Mythicism isn’t Skepticism

Mythicism isn’t Skepticism December 12, 2014

Josh Rosenau wrote a piece for NCSE, “Standing up for Skepticism.” Much of what it addresses in relation to climate change works equally well for mythicism and other forms of denialism. For instance, he quotes Genie Scott as saying the following:

“The term “skeptic” has for several decades meant someone who applies critical thinking and who demands extraordinary evidence for extraordinary claims, as Carl Sagan put it. When topics like evolution, vaccination, and anthropogenic climate change have withstood the rigors of extensive scientific testing, it is extraordinary indeed to dismiss that wealth of good evidence. People who do that are not skeptics, but deniers of the scientific consensus.

When one considers the extensive skepticism that has been applied to the figure of Jesus by historians and other scholars, the same conclusion naturally follows.

Rosenau also quotes historian Spencer Weart, and I will take the liberty of substituting mythicism and history into the quote, to show that it is the same sort of phenomenon:

Every novel historical idea must scale a wall of skepticism. First it must overcome the resistance of historians who found the older ideas plausible. Changing the consensus of the experts is only a beginning, however; the public has yet to be convinced. That may never be completed if the new idea contradicts widely cherished assumptions about history. There is yet another barrier if the idea seems to attack established interests such as a religion or an industry. Then doubt is reinforced by denial: concerted efforts to represent the historical consensus as false. Nothing shows this process so clearly as the history of the idea that Jesus is a myth.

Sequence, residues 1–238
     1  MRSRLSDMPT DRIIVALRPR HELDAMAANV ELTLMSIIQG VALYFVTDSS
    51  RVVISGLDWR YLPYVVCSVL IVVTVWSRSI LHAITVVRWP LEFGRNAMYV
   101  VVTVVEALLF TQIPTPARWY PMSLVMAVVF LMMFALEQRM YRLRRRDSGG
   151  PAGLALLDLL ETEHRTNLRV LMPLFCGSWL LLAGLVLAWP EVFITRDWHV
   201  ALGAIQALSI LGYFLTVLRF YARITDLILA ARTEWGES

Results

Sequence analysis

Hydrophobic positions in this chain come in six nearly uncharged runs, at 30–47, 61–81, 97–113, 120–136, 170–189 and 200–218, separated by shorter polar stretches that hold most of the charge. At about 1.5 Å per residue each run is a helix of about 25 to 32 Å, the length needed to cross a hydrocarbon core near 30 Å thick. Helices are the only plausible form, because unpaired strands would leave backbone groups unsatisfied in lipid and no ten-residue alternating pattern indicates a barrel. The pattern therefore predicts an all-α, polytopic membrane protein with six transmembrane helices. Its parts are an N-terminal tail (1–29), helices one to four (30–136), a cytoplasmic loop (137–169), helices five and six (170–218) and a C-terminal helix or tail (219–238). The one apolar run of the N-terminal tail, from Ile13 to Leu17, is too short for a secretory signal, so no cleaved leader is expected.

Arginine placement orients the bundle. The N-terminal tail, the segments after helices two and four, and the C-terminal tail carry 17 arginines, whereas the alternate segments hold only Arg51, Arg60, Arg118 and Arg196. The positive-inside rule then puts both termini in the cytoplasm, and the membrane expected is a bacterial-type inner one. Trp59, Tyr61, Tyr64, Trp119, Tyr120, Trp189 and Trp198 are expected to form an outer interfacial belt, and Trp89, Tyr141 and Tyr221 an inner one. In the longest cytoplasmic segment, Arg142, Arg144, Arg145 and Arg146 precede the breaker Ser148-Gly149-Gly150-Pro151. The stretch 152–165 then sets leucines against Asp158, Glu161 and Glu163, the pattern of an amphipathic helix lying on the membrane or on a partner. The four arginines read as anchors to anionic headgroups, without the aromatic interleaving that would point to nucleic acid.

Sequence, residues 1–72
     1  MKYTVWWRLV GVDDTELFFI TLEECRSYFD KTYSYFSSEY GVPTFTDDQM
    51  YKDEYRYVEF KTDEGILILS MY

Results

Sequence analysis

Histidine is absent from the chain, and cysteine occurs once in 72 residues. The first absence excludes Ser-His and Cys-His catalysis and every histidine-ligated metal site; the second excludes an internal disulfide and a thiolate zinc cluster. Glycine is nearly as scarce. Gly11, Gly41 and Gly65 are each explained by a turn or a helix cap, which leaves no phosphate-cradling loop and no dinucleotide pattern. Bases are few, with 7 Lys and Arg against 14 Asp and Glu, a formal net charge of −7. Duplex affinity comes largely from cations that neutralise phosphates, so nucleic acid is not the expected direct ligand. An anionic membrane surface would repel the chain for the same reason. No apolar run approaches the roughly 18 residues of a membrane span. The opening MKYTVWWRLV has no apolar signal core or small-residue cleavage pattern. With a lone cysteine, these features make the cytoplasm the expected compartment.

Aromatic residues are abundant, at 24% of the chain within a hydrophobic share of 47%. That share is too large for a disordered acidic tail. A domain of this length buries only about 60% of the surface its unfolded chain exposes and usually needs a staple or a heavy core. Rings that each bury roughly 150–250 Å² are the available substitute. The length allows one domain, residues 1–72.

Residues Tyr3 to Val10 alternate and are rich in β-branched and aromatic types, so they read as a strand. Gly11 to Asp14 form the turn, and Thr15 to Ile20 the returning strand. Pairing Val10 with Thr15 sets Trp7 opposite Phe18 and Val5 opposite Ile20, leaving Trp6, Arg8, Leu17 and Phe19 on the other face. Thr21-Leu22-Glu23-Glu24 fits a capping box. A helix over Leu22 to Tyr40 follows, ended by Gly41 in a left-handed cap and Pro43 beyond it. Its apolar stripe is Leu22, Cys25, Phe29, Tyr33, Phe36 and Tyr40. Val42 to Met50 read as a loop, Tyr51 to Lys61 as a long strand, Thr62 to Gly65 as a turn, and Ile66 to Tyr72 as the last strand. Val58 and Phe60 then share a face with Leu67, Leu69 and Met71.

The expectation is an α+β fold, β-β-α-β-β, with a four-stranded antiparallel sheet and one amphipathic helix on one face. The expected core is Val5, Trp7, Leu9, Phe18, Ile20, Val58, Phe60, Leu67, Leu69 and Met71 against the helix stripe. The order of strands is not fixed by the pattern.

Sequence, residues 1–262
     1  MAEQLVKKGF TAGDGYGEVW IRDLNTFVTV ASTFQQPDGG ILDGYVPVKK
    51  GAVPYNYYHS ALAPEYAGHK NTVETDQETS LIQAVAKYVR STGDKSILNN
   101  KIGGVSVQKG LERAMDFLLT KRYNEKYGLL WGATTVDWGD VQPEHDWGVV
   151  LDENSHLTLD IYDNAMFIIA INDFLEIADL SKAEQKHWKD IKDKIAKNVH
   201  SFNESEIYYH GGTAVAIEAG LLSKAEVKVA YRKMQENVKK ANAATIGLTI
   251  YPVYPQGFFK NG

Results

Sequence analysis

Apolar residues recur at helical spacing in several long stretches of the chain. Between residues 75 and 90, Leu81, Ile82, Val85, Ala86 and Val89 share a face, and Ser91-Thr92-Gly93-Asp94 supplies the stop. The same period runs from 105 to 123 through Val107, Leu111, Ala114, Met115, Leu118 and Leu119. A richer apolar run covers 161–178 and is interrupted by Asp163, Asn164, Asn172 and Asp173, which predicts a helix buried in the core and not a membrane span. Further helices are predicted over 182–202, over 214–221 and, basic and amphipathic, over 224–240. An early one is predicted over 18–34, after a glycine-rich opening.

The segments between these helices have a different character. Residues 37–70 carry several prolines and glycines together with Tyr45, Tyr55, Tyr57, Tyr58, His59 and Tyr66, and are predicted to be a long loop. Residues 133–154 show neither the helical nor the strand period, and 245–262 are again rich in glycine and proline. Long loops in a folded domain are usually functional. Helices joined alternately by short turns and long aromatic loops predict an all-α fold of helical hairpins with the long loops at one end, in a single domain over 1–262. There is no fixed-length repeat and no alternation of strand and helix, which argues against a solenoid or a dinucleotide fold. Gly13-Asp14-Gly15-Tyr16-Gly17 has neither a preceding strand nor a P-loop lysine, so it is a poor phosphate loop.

…the self-styled skeptics were not proceeding in a normal scholarly manner. Scholars continually test their beliefs, seeking out all possible contrary arguments and evidence, and finally publish their findings in peer-reviewed journals, where further attempts at refutation are encouraged. But the small group of scholars who oppose the consensus on the historicity of Jesus proceeded in the manner of lawyers, considering nothing that would not bolster their case, and publishing mostly in pamphlets, books, and newspapers supported by atheist interests. At some point they were no longer skeptics—people who would try to see every side of a case—but deniers, that is, people whose only interest was in casting doubt upon what other historians agreed was true.

What do you think? Is it a clear fit? Obviously the natural sciences are different in the kinds of evidence they deal with, and thus the degree of certainty they can offer, when compared with ancient history. But the similarities in tactics, attitude, and approach are striking nevertheless.

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